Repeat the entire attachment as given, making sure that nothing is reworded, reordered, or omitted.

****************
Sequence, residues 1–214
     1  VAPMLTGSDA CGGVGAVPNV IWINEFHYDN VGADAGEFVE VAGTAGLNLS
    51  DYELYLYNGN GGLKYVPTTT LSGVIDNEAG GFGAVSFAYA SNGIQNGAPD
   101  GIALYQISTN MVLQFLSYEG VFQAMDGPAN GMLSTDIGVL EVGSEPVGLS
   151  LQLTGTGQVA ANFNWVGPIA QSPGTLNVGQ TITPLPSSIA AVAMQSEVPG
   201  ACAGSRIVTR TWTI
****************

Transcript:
Sequence, residues 1–214
     1  VAPMLTGSDA CGGVGAVPNV IWINEFHYDN VGADAGEFVE VAGTAGLNLS
    51  DYELYLYNGN GGLKYVPTTT LSGVIDNEAG GFGAVSFAYA SNGIQNGAPD
   101  GIALYQISTN MVLQFLSYEG VFQAMDGPAN GMLSTDIGVL EVGSEPVGLS
   151  LQLTGTGQVA ANFNWVGPIA QSPGTLNVGQ TITPLPSSIA AVAMQSEVPG
   201  ACAGSRIVTR TWTI